Living With A Coffee Cup Infatuation

Living With A Coffee Cup Infatuation

Our history together.


I can’t tell you where they came from but I have dozens. The first was dug up from the ground dating back to the Stone Age and although my collection is missing is, I don’t see the need to add it anyway. There’s a tall black 16-ounce mug that reads ‘Carpe Caffeine’ in skinny white letters waiting for the button to be pressed and hot coffee to drain into it. Once it’s used I’ll replace it with another that has a different cheesiness to it like the ‘Don’t Mess With Texas Girls’ mug my mom thought was cute at an airport once or the Alice and Wonderland vintage collection I picked up at an estate sale years ago. If you can’t tell by now, it’s an obsession.

The cupboard to the right of my kitchen sink has three shelves full and there’s a box in storage of more that I decided I could live without in this apartment. Once I moved out I apparently didn’t see a need for an entire kitchen set. So instead of having matching ceramic pieces, I have plates, both small and large, and coffee cups. Coffee cups of all sizes, colors, and styles. Some the size of bowls but with handles. I probably couldn’t tell you where they all came from, but they’re there.

Other than actual coffee cups, if you looked inside my car a few years ago you would see a sea of empty paper vessels. Back in high school I rarely ate an actual meal, but made sure to have four lattes a day. A family friend owned a coffee shop, Liaisons, next to a run down bar with angry drinkers out front but I never failed to stop by every day. At 7 a.m., I would rush in the door and there would be a 20-ounce triple shot vanilla latte, waiting for me on the corner of the bar closest to the door. The classic white paper cups with Solo lids and a different saying every day such as ‘Have a good day!’ or ‘Good luck at the game tonight!’ filled the backseat of my car. So between paper cups back in the day to the mania surrounding ceramic mugs, an object that held coffee was my friend.

However, they haven’t always been the way I know them as. To figure out where portable coffee drinking began, we have to start with water. In the 20th century, everything was reusable, even to the upper class. Throwing things away was a big taboo. From the communal cup, which was a bucket of water anyone could dip out of to clothing and plates, nothing was thrown out. That is until the Spanish flu came along in 1918. Thousands of people died and so did recycling. The disposable cup industry began with Styrofoam but rather quickly switched to paper through companies being bought out and a need for lids.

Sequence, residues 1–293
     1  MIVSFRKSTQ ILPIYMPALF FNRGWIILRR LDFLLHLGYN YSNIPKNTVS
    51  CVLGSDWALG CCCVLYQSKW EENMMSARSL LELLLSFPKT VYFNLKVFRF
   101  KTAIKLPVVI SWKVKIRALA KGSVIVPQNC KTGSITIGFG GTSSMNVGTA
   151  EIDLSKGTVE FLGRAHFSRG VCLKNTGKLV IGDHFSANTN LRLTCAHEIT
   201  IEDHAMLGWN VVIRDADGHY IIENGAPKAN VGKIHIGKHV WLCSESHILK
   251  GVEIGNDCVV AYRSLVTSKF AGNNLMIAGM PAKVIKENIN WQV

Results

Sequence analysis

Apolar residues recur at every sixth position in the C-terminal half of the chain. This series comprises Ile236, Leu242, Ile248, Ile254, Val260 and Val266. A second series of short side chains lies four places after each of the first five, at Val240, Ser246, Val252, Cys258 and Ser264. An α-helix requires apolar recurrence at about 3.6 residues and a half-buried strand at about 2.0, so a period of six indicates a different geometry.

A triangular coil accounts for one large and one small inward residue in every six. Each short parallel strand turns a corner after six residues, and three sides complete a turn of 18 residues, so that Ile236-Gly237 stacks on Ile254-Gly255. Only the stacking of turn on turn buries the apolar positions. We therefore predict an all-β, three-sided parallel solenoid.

1964 is when 7-Eleven started selling coffee in to-go cups. Not long after Solo created a lid for cups with a hole to drink from and an indent so consumers nose wouldn’t be in the way when drinking. Meanwhile, the Styrofoam cups were still trying to make a comeback. However, they were gone for good in the coffee world when the one and only, Starbucks, came along. Although the environmental effects of Styrofoam made paper cups an obvious choice, even Starbucks began to see issues with how paper held up comparatively. The foam cups were better insulators and safer to hold. I probably don’t need to tell you about the infamous Liebeck v. McDonald’s lawsuit, when the woman had to have skin grafts because the lid fell off her coffee, she made it out with $2.86 million and disposable cup and lid companies revamped their designs. Ironically, years before companies had created double and triple walled cups, and an Oregon man created a Java Jacket, more commonly known as a sleeve, to make holding your coffee more comfortable.

Today we are almost always served a disposable cup with a sleeve, the amount of ceramic mugs for sale in literally almost every store is mind-boggling, and there is even a software program called CoffeeCup. Considering the competition between disposable cups and the craze surrounding the liquid it holds, I highly doubt I’m the only out there with a coffee cup infatuation.

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This article has not been reviewed by Odyssey HQ and solely reflects the ideas and opinions of the creator.

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